Some of the smaller parties say policy debates are being drowned out by the clamour surrounding the behaviour of Justice Minister Judith Collins.
Watch John Key talking to the media in Masterton
With Nicky Hager's book Dirty Politics, which detailed Ms Collins' leaking of private information to a blogger, now New Zealand's best seller, the spotlight on Ms Collins' shows no signs of dimming.
United Future is one of the party's supporting the National-led Government. Its leader, Peter Dunne, said he believes the public is tired of the focus on Ms Collins and wants to hear debates on policy and the direction New Zealand is heading in.
Mr Dunne said while the behaviour of Ms Collins is a matter for John Key to police he doesn't personally approve of it.
"I personally agree with the comment Bill English made. I don't think it's acceptable, proper or appropriate but that's a matter for the Prime Minister to deal with as part of his Cabinet management."
ACT leader Jamie Whyte also believes the focus on Ms Collins is a major political distraction but doesn't think it will end soon.
Dr Whyte thinks Mr Key is stuck between a rock and a hard place when it comes to Ms Collins.
New Zealand First leader Winston Peters said the National Party is haemorrhaging voter support with the ongoing focus on Ms Collins.
He said she should have been sacked long ago over her dealings with the Chinese food company Oravida.
Te Ururoa Flavell, leader of another of National's partners, the Maori Party, said the focus on Ms Collins' hasn't been getting in the way of its electioneering, and not many people he's been meeting are talking about it.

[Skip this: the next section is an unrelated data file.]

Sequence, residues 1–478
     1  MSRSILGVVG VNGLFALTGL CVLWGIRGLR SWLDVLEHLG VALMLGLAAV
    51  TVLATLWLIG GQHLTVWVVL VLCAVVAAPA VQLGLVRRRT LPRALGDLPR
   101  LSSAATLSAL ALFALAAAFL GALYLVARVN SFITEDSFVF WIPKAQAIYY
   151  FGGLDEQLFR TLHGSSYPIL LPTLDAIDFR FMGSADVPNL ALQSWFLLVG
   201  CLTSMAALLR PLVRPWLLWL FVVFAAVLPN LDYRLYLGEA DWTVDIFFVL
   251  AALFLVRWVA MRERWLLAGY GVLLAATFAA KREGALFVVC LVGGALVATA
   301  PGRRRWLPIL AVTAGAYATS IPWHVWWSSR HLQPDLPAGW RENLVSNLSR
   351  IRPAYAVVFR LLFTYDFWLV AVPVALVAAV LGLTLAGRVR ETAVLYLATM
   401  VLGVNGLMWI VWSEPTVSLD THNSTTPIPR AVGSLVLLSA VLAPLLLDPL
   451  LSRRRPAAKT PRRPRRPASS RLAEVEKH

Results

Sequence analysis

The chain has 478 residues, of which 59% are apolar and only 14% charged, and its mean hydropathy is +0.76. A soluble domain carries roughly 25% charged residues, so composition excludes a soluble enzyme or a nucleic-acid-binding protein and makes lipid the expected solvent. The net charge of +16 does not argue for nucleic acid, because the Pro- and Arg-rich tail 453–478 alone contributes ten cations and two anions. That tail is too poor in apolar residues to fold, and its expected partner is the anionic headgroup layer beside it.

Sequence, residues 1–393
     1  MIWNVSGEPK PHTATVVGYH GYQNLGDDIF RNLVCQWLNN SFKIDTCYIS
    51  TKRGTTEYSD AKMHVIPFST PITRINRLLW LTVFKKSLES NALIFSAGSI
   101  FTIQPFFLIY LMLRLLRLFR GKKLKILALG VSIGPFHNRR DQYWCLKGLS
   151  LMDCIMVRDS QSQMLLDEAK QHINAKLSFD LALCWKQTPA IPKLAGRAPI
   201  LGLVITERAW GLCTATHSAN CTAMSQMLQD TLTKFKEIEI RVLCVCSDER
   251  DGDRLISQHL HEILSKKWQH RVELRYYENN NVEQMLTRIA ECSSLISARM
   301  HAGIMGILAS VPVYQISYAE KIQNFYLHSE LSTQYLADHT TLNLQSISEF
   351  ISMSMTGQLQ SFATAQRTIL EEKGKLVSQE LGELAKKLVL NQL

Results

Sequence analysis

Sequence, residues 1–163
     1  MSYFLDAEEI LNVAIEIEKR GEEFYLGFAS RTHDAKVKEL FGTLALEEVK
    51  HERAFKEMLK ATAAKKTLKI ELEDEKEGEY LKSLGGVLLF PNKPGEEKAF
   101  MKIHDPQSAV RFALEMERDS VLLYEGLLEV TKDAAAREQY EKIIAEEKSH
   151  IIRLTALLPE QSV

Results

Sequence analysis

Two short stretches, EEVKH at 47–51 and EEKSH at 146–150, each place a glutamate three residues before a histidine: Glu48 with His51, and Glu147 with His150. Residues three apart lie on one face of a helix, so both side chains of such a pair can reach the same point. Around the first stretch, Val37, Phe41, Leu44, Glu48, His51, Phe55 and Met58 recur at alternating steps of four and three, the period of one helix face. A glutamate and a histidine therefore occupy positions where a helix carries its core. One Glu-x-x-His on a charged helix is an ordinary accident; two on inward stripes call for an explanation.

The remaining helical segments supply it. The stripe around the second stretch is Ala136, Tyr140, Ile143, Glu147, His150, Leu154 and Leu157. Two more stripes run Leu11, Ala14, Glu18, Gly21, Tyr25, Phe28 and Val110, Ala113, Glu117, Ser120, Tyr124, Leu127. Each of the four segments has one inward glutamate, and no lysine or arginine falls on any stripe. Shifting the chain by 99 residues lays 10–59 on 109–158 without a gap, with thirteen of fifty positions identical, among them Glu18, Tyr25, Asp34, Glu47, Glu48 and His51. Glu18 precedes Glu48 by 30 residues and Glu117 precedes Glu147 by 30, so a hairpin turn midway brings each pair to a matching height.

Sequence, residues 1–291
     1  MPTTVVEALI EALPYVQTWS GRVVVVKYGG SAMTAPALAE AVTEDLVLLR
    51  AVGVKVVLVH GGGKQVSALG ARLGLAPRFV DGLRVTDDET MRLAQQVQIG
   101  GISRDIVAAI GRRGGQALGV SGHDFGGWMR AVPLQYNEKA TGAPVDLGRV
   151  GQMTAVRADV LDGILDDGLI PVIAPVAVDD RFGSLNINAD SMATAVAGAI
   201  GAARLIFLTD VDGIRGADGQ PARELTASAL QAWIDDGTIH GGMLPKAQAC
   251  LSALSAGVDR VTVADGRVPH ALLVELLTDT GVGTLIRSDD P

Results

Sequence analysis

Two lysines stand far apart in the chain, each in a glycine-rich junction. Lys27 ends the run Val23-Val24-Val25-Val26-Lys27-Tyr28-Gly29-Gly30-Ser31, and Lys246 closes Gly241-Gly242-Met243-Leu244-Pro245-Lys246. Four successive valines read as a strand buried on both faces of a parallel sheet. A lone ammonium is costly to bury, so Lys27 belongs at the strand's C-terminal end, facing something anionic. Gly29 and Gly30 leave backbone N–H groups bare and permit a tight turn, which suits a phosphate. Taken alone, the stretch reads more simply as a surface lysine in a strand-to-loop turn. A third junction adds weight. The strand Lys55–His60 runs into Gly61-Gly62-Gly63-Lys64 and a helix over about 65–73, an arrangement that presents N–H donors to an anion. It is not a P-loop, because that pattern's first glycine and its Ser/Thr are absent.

No need for further action - PM
Mr Key reiterated yesterday there was no need for further action against the Justice Minister, telling reporters had been held responsible.
He declined to say how Ms Collins had been held responsible, but told reporters he did not believe Ms Collins had breached the Cabinet Manual and there was no need for her to be dismissed from Cabinet.
Mr Key said voters will realise he is prepared to take action against Ministers if necessary, as he did with Maurice Williamson.
"I think in the end as Prime Minister you have to judge a whole range of issues and some issues that happen with Cabinet ministers are serious, some are less serious but still areas that you need to address.
"I think over the time of being Prime Minister people would have looked at the actions I've taken. They'll know that I run a pretty tight ship."
In the week since its launch, Dirty Politics has sold 10,000 copies and is rated top of the Nielsen Bookscan which lists sales in New Zealand.
Craig Potton Publishing is having more copies printed and co-owner Robbie Burton said the printers have been working through the night and weekend.